“When your parents come into the room — whether it’s you or your cousin that knocked the vase down — both of y’all sit up at attention,” said Pharrell Williams. During CNN’s interview with the producer, Pharrell made the statement in reference to the current state of Ferguson. Who are the “parents” he thinks should come into the room? President Obama.
The hip-hop artist has not been as vocal (until this point) as some of his contemporaries have been. In August, fourteen artists pooled their rap talent to make a musical collage called “Don’t Shoot,” including Swizz Beatz, 2 Chainz, the Game, Yo Gotti and more. “We have the hearts,” said the Game. Fresco Kane also penned “No Justice No Peace,” and Childish Gambino wrote a poem. The first thing Pharrell said on Ferguson was not a cry of rage: “I’m disappointed. I’m disappointed in the way that it was handled from the government side.” The singer continued to calmly but firmly declare, “In certain places, we do feel like we’re being hunted. But there are good policemen, and there are bad policemen. There are good kids, and there are bad kids. Regardless, that child should not have been shot down like that.”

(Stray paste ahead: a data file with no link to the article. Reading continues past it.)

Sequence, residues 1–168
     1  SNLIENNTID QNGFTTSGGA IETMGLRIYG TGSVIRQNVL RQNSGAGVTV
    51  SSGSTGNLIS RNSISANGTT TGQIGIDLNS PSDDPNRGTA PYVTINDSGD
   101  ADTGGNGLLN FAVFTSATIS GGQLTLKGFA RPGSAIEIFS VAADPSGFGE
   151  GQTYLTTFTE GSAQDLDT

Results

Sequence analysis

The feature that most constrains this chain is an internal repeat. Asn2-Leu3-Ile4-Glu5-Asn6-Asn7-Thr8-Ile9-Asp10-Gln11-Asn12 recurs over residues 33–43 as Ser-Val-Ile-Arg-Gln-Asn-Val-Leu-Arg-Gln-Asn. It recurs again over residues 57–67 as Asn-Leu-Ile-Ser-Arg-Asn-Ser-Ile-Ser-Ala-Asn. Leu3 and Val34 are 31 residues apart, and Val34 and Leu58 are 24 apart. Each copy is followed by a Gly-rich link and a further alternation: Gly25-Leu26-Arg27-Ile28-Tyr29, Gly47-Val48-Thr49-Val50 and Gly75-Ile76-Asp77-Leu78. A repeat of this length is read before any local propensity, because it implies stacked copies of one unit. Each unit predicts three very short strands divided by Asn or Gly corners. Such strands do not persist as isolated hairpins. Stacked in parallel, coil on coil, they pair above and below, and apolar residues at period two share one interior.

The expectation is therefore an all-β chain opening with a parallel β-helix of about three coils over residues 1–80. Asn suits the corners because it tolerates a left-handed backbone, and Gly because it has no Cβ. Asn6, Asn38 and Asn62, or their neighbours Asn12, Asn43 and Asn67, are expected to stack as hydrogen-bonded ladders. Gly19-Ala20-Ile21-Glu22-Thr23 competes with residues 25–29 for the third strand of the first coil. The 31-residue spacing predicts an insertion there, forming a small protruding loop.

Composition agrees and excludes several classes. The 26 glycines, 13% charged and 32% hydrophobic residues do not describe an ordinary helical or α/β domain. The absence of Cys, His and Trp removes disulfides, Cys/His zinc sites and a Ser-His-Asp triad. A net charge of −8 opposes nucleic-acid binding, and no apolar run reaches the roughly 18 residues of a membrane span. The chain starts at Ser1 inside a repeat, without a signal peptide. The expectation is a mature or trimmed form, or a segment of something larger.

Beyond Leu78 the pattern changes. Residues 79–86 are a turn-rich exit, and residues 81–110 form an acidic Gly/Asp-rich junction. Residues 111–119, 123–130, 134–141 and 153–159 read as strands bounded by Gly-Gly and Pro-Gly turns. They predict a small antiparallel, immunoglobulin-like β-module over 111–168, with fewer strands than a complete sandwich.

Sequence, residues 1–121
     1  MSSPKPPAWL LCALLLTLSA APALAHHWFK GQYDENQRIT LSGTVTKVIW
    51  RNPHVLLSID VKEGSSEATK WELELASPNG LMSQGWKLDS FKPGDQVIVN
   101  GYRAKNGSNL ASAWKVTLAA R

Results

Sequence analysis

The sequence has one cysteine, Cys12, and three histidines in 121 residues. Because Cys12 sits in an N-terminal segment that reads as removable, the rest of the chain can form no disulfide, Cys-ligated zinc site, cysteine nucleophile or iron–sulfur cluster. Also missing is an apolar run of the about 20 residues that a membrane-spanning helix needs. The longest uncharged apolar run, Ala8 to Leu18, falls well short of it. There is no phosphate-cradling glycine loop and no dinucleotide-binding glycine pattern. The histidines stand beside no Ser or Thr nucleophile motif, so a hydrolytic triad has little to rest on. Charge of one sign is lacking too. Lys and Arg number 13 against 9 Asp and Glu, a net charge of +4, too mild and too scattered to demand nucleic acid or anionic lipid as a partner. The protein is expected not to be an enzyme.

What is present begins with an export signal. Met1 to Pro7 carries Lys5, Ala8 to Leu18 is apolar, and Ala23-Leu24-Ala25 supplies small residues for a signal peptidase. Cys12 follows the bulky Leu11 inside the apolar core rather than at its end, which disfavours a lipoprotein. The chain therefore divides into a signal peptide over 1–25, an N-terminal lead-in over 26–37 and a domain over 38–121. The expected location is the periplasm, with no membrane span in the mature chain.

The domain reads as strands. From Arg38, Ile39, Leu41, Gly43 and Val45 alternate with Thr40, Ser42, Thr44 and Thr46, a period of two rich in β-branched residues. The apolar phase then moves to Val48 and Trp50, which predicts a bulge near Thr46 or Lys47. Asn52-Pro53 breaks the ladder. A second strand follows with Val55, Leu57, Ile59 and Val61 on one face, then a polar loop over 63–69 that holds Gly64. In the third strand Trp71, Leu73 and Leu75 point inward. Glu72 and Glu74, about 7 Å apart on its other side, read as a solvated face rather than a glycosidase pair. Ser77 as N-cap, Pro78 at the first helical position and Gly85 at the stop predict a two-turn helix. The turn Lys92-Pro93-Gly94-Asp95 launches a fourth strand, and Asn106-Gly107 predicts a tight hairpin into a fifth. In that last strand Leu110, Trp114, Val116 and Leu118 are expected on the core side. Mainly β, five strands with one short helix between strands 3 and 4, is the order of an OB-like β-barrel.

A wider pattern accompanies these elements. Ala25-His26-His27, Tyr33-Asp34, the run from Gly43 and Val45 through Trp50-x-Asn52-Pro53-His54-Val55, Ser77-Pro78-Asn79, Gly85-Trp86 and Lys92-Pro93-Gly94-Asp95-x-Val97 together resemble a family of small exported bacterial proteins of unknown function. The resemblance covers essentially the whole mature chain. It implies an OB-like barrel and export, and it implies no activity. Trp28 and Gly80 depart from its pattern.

Pharrell also told CNN that he didn’t think the media covered enough of the peaceful responses in Ferguson. “Let me make it very clear, because people like to soundbite… this is the day and age of soundbiting, I love my culture, but I don’t want my culture to want nothing from nobody else, we need to do what we can do ourselves. And the only thing is, I was disappointed that while we had so much peaceful protesting going on, what the media chose to cover was the random few people that threw Molotov cocktails, the random people that had guns on them.”
“We gotta spend more time focusing on those people, the non-violent protesting, we didn’t spend enough time on that. That’s why I think the president needs to come down there.” When asked to clarify why he thinks the president should come down more than three weeks after the event, Pharrell said, “This is a deeper laceration in this country. This is going to be the longest hangover in race relations ever. We thought we had gotten so far.”